MRI-safe cochlear implant approved by FDA

 

cochlear implants

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A cochlear implant designed especially for use in magnetic resonance imaging (MRI) scans has been approved by the US Food and Drug Administration (FDA).

Cochlear implants are problematic for their users when they need to undergo MRI scans. The powerful magnets used in the scanning device can dislodge the tiny magnets in a cochlear implant (CI), causing pain to patients and damage to the CI.

Australian-based hearing implant technology firm Cochlear Limited has announced approval by the FDA for its Cochlear Nucleus Profile Plus Series, which has immediately been made commercially available in the United States. Recipients will have access to 3.0 and 1.5 Tesla (T) MRI scans without the need for internal magnet removal or use of a head wrap, says Cochlear.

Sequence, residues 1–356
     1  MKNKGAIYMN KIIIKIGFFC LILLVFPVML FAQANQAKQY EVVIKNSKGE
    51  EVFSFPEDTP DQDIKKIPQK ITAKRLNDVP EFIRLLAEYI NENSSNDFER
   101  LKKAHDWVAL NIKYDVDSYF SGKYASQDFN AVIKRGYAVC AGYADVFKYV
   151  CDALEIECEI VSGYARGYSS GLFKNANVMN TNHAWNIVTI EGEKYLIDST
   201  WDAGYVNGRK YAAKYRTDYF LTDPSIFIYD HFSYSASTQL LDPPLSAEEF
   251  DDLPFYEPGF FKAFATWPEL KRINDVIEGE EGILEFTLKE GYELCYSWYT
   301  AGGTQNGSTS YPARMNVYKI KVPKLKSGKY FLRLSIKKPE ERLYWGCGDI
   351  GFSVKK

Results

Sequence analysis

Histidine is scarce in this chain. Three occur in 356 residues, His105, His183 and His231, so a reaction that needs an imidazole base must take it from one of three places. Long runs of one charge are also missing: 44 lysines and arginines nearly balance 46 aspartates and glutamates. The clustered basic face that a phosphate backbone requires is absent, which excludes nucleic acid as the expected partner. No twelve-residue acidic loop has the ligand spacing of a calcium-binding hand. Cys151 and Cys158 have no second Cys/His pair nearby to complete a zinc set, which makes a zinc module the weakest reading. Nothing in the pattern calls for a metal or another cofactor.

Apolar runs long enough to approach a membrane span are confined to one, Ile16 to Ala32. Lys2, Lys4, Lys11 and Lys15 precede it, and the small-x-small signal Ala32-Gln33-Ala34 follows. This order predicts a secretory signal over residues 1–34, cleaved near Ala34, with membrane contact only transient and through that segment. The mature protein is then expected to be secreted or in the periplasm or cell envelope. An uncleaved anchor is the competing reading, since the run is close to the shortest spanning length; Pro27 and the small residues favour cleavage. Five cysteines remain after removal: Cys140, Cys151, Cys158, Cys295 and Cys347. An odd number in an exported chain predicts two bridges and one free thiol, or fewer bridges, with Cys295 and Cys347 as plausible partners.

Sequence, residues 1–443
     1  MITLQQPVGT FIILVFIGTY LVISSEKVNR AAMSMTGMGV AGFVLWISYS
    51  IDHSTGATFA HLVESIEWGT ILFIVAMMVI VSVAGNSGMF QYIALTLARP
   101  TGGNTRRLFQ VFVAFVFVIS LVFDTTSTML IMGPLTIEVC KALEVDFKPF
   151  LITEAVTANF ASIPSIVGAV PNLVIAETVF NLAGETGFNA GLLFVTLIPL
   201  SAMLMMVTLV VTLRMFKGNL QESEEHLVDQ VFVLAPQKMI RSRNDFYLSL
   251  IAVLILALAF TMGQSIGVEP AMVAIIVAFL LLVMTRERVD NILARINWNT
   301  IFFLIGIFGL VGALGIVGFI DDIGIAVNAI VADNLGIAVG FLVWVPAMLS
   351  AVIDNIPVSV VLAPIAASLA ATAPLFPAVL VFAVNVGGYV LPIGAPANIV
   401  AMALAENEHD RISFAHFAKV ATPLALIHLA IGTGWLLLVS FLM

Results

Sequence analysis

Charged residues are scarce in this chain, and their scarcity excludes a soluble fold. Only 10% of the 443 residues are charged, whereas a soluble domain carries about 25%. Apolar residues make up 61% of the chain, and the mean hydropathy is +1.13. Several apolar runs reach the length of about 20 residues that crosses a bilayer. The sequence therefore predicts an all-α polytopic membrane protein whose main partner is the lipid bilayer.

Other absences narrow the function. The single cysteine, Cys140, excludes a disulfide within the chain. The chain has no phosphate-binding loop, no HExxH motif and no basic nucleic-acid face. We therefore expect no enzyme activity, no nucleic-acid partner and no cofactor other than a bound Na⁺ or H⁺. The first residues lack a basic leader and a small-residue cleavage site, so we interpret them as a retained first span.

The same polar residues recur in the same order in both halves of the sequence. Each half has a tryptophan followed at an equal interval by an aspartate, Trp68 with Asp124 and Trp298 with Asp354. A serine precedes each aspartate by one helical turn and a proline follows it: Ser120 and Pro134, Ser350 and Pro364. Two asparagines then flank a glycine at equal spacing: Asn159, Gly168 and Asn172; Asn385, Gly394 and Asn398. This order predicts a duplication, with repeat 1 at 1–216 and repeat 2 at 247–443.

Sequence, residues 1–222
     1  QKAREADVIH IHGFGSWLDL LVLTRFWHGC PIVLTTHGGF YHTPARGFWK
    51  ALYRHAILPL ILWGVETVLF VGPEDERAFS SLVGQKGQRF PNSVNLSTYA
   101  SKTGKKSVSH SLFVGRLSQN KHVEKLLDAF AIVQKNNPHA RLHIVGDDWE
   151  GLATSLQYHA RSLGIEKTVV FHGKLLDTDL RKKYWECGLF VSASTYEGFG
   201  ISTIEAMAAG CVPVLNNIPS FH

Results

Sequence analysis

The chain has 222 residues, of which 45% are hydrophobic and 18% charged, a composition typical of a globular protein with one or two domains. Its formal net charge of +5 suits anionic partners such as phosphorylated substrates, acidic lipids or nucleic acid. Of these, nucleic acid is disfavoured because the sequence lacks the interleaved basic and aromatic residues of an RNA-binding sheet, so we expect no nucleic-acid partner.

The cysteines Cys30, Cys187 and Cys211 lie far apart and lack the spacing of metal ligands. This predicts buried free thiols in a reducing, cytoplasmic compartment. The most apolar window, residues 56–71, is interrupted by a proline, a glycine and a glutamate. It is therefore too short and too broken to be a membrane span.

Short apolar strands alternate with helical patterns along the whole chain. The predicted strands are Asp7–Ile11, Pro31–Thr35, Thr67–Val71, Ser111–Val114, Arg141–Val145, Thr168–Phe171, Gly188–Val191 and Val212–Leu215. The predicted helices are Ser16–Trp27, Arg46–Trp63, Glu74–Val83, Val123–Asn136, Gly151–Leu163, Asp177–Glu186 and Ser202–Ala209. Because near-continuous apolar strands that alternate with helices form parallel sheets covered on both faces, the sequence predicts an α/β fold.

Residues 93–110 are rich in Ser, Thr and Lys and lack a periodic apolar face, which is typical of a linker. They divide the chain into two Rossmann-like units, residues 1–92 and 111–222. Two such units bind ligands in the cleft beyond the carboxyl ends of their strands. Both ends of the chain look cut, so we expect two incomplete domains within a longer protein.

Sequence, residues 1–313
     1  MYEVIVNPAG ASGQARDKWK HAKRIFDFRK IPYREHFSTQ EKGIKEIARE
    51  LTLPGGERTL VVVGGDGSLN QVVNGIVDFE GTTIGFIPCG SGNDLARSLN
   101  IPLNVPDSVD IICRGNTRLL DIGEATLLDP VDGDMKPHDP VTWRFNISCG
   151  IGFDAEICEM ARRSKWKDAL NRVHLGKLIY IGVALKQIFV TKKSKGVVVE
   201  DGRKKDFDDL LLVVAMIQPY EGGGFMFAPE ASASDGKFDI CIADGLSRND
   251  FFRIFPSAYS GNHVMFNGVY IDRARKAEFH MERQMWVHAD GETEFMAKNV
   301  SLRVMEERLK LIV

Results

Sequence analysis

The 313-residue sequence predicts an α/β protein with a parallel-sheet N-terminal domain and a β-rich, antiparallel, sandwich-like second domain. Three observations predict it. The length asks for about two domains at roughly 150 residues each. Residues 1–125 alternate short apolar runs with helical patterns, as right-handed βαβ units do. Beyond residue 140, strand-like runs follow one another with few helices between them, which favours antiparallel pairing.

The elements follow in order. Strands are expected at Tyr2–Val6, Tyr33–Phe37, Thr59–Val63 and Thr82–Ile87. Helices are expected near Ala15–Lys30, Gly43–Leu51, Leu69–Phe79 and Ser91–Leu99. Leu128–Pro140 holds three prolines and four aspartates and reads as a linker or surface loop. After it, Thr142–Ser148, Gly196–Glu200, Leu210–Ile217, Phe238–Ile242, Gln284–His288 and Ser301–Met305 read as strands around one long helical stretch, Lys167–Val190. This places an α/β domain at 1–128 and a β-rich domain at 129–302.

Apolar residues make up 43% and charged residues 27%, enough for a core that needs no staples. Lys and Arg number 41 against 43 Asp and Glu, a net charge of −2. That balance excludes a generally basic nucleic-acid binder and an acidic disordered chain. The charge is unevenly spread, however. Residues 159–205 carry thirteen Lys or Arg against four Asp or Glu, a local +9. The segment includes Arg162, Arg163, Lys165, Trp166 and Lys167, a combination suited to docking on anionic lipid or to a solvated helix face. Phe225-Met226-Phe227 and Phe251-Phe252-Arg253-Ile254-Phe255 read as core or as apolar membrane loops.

The new implant series boasts the state-of-the-art features needed to compete in the marketplace—direct audio streaming from Android devices, compatibility for connection with Apple devices, etc.—and Cochlear says its Nucleus 7 Sound Processor can help people locate a misplaced sound processor, track progress with the hearing tracker feature, and reduce background noise.

Cochlear says the implant is still awaiting approval by Health Canada.

Source: Industry Dive

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